These days I tend to know quite a few people at any conference I attend, even it’s just those (wonderful, gorgeous, intelligent) people who have invited me to speak. In the case of UXLibs, which I chair and co-organise, I know heaps and heaps of people, either serial attendees (thank you for keeping on coming back!) or people who I have met before elsewhere (at workshops or other events), or who I have connected with on Twitter. However, I have never forgotten how I felt early on in my career when I used to attend conferences with some fear and trepidation.
I used to be much less confident and I’d ask myself questions beforehand like: ‘Will I make friends?’ ‘Shall I skip the social events so I don’t have to make small talk?’ ‘How will I cope if no-one talks to me?’ Thankfully most of the time, despite a few wobbles, I’d make connections. I’d have a laugh. I’d meet people with common interests, And I’d meet people who probably felt similarly awkward. However, lots of the time I still felt like the cool party was going on elsewhere and I was envious of the cliques and those people who seemed to know everyone.
Gradually over the years as my confidence grew (largely through having to start to supervise and then manage staff, and later having to negotiate and tussle with senior management outside of the library) I found conferences to be a welcome break from my day job and looked forward to reconnecting with people I’d met before. Nevertheless, I still struggled a bit with small talk, especially with people I didn’t know. Even today I wouldn’t say it’s my strongest suit.
So why am I telling you this? Well I guess I just want you to be mindful of others at events who may not be feeling part of things, who may feel dejected and alone, who may really struggle to socialise. And to say that if you see someone on their own, connect with them, introduce them to people you know. Some people need help with this stuff. I certainly did.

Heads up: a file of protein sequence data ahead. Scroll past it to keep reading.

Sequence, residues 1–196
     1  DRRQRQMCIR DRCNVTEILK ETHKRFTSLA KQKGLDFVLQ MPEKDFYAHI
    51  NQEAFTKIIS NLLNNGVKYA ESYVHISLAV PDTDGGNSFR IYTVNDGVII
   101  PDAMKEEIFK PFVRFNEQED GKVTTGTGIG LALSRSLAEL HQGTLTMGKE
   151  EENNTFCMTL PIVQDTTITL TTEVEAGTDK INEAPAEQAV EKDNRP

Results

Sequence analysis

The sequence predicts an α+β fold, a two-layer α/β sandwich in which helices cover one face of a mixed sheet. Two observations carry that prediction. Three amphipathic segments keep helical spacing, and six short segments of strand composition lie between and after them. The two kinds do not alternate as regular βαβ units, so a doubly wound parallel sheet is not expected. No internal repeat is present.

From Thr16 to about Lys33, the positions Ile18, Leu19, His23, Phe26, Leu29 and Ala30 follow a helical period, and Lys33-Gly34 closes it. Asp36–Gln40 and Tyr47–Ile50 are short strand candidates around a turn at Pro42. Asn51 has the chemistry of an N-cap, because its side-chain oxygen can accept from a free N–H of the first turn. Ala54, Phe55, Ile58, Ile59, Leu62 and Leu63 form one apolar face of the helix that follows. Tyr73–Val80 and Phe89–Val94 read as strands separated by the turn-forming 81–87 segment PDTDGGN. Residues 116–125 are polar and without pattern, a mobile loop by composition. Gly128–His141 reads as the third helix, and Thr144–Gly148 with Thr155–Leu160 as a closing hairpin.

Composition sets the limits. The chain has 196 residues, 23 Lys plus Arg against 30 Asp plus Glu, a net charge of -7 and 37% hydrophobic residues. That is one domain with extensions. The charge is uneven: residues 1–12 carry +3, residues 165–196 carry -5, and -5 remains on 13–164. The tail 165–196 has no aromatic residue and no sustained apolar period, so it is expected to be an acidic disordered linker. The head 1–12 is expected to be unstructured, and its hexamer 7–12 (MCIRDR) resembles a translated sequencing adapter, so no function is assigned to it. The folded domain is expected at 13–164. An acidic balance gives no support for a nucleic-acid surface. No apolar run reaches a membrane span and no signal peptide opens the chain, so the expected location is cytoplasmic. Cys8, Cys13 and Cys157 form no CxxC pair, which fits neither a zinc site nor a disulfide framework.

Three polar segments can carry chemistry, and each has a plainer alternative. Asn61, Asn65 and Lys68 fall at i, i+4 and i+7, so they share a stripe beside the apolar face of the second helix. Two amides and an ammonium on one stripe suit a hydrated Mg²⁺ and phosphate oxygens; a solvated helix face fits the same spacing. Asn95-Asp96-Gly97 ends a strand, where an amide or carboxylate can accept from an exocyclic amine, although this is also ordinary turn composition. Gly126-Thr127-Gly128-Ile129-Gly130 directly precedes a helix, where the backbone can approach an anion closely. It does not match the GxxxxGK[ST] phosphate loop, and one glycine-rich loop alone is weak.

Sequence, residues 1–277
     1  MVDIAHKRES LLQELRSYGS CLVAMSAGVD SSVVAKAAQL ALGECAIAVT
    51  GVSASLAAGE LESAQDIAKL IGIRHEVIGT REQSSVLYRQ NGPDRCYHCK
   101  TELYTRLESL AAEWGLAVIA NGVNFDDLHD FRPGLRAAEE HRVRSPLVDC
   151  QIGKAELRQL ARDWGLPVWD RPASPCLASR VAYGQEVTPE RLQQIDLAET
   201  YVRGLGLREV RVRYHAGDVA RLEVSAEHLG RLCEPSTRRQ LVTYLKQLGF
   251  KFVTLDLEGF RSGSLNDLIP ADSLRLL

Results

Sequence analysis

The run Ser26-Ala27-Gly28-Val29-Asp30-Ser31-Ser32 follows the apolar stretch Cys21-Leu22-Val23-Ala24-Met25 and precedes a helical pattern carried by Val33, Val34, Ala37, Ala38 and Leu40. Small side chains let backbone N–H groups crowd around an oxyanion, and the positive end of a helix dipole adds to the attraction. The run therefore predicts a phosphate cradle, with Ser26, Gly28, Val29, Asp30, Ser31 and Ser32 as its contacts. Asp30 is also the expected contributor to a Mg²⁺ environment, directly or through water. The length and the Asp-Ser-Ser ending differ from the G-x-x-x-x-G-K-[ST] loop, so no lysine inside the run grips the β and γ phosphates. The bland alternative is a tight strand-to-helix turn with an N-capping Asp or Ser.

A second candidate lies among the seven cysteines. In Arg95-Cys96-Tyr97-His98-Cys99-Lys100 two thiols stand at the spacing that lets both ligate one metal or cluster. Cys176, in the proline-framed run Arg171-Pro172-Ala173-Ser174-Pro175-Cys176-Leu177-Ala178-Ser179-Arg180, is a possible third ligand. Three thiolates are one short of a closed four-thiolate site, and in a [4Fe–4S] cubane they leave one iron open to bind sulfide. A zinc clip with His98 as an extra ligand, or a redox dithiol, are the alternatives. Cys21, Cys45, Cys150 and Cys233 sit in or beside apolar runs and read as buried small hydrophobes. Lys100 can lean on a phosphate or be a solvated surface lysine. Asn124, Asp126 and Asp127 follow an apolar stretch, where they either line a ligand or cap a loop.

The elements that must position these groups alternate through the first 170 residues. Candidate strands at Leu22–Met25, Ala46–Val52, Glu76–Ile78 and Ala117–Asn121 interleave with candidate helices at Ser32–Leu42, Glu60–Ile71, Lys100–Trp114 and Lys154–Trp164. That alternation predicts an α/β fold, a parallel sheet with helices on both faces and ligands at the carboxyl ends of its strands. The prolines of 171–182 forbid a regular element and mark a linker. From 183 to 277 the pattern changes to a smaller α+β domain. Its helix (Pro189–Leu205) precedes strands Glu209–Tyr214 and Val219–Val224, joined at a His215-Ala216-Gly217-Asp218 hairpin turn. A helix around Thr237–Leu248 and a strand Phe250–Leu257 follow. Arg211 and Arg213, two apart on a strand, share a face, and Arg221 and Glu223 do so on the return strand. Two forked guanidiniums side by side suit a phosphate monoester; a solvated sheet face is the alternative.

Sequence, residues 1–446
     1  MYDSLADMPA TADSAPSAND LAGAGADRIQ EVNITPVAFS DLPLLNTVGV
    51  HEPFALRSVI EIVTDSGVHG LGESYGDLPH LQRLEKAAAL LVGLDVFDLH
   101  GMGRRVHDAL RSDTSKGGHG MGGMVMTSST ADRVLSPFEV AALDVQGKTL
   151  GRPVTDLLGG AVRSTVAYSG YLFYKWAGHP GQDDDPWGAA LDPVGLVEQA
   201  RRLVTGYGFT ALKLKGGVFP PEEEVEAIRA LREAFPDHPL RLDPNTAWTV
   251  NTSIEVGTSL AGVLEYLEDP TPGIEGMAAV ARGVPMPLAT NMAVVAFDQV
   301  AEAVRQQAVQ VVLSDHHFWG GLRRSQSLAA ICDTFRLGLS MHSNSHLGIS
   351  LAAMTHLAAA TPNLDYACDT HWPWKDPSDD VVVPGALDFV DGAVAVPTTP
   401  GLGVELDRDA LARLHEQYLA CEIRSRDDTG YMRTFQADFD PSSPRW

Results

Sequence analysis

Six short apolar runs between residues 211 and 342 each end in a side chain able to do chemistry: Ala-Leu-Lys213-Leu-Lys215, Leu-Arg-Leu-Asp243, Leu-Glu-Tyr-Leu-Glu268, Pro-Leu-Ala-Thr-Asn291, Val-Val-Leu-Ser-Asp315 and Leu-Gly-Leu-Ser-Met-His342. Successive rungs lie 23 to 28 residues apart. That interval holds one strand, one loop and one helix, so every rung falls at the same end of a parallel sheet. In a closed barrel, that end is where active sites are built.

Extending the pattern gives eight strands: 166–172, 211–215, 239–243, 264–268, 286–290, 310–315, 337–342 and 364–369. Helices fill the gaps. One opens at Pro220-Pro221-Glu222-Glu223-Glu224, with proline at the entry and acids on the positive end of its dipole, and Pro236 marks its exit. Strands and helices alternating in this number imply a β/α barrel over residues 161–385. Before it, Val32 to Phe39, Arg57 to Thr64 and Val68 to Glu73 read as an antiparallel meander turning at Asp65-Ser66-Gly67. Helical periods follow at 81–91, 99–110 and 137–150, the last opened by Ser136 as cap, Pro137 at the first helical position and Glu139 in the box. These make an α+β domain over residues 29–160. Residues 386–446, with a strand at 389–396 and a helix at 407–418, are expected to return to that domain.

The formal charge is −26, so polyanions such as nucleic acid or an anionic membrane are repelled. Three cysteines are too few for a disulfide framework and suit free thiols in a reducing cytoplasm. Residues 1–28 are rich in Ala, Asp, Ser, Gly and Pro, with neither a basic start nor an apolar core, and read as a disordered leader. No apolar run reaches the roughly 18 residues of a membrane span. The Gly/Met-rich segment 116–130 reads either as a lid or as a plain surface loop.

Last year quite a few UXLibs attendees didn’t come to our Gala Dinner. While some of them may have been meeting up with people they knew in Glasgow, I’m guessing that others decided to stay away because of the prospect of having to meet new people or having to sit with people they didn’t know. While I completely respect a decision not to engage – the social programme is by no means compulsory – I don’t like to think of anyone missing out or feeling separate.
If you’re reading this, attending UXLibs (or indeed any conference) for the first time and thinking I’m describing you, then I’d heartily encourage you just to try to say hello to other people. At UXLibs that absolutely means to me, to Matt, to Bryony, as well. We want everyone to feel as welcome as possible. Also check out this year’s conference badges which now come with special identifiers to show who has attended before. This way you can quickly connect with other newbies. This year nearly 70% of delegates have not attended before so you’re definitely not alone!
We talk about UXLibs being a community and in many ways it very much is, but in communities people can still fall through the cracks. Cliques can form and we’ve got to watch this. UXLibs’ theme this year is inclusivity and I hope that in addition to presentations embracing this theme, delegates too will look out for each other and ensure everyone feels included.